Is computational thinking the best way to protect your employability?
Without being constantly open to learning and growth, we all risk obsolescence. Business needs digital, people and knowledge working together and the answer may be computational thinking, says former Google France CEO Jean-Marc Tassetto
Without being constantly open to learning and growth, we all risk obsolescence. The world, after all, keeps changing – self-driving car engineer, blockchain developer, growth hacker – these were not job roles that existed even five years ago.
As the World Economic Forum’s 2016 Future of Jobs report and the OECD also found, among many sober analyses of the future, AI will take over more and more tasks. Some authors claim that only as little as 35% of current skills will still be relevant in five years, others put it less. But it will still be significant.
What, then, will future-proof your career? Ensuring a workforce is fit for the future means addressing ‘soft skills’; in other words personal attributes such as communication, teamwork and problem solving. As the robots move into our factories, homes and hospitals, our job roles will change, and with it the necessary skills set to keep relevant.
Clearly, in this digital age, everybody will need to have skills complementary with digital technology. But not everybody will be in need of core programming skills; people and knowledge working skills associated with the cloud, mobility, big data, Internet of Things (IoT) and blockchain will also be important. At the same time other sorts of non-technical skills will also finally be recognised, like leadership, participatory management and social and environmental responsibility.
Smart companies demand that their employees take time out for education. In response, business needs to make the right skills a focus of their own continuous learning programmes. To ensure success, they also need to get away from the top-down approach of old, else their efforts will be in vain.
Reflecting the reality of how people learn, enhanced and in short bursts, always available remotely and at one’s convenience and own pace is how the world of business needs to carry out training.
The old method of scheduling fixed hours needs to be discarded, in favour of a learner-chosen model and a virtual learning environment, in which all lessons and material are online.
To maximise learning it is thus vital to go digital, and digital lessons mean a trip to a coffee shop can become a half-hour learning session; the car becomes a podcast lecture theatre. In addition, in our ‘kidadult’ age, incorporating features like quizzes or rankings increases uptake and engagement.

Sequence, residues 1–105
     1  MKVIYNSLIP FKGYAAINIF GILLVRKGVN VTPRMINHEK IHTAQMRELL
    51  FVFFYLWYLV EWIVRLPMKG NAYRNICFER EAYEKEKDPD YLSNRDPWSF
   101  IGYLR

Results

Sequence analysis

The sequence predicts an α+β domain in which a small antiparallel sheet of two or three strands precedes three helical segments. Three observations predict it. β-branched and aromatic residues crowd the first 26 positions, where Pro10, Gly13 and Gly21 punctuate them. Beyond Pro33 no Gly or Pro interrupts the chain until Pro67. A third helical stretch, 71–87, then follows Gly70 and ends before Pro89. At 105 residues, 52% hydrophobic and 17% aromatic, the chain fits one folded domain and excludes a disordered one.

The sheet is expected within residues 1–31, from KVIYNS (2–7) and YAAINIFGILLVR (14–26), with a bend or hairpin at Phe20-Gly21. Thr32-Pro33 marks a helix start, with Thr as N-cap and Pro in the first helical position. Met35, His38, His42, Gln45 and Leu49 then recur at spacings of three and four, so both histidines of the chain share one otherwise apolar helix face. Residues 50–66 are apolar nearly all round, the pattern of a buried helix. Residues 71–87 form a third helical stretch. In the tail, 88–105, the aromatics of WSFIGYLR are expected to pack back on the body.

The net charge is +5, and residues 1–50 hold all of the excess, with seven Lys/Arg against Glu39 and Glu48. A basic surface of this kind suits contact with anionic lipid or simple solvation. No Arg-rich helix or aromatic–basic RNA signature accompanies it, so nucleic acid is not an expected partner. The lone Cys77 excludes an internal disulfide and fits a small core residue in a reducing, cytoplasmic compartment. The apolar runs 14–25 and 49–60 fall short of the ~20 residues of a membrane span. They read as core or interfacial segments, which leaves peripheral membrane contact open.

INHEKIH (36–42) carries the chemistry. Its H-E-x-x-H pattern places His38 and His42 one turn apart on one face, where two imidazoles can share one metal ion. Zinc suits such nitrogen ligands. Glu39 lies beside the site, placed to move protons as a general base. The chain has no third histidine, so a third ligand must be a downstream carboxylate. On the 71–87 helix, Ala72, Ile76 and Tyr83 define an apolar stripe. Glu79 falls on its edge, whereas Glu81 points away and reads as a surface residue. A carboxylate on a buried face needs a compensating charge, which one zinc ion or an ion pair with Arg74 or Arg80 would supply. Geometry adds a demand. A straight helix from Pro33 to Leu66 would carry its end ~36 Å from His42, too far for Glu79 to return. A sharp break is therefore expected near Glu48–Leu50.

Christelle Burgy, Capgemini Consulting’s learning & development manager, incorporates such features in its digital training and notes that 70% of its cohort log on each month. She told us: “This has been the first time that we have seen such high rates of adoption from users of all different grades. Users find it engaging and even addictive.”
Computational thinking (CT), where the focus is not on the machine but on the human whose thinking and learning is enhanced by the machine, is a great example of what that modern approach translates to. That’s because it is useful not only to understand what the computer does – such as algorithms, the way a computer can learn from the data it gets, the limits of computation and so on – but also to shape what the person does, like preparing a relevant data set for machine learning, dividing a problem into useful chunks resolvable for a computer, detecting configurations where automation and parallelisation can be introduced, designing digitally and so on.
Governments are beginning to make this sort of reskilling a goal. The US, for instance, is among the early adopters of such a forward-looking approach, with the National Research Council working intensively on CT from 2010. Major US tech university Carnegie-Mellon has its Microsoft-sponsored Center for Computational Thinking that provides seminars, workshops and research activities on computational thinking in any domain of life. Leading European Higher Education institutions are also going this way, like the Federal Institute of Technology in Lausanne, Switzerland, introducing dedicated Computational Thinking lessons in all entry level courses across all disciplines. And Google is militating for the democratisation of CT for early years to 12 in education globally, providing a variety of teaching material to educators.
All this has to be all about the user experience, so as to encourage learners to develop all their skills to their full potential and to future-proof their careers. The verdict’s clear; employers and employees alike need to offer skills like computational thinking if they want to thrive in our complex world.
As the robots move into our factories, homes and hospitals, our job roles will change, and with it the necessary skills set to keep relevant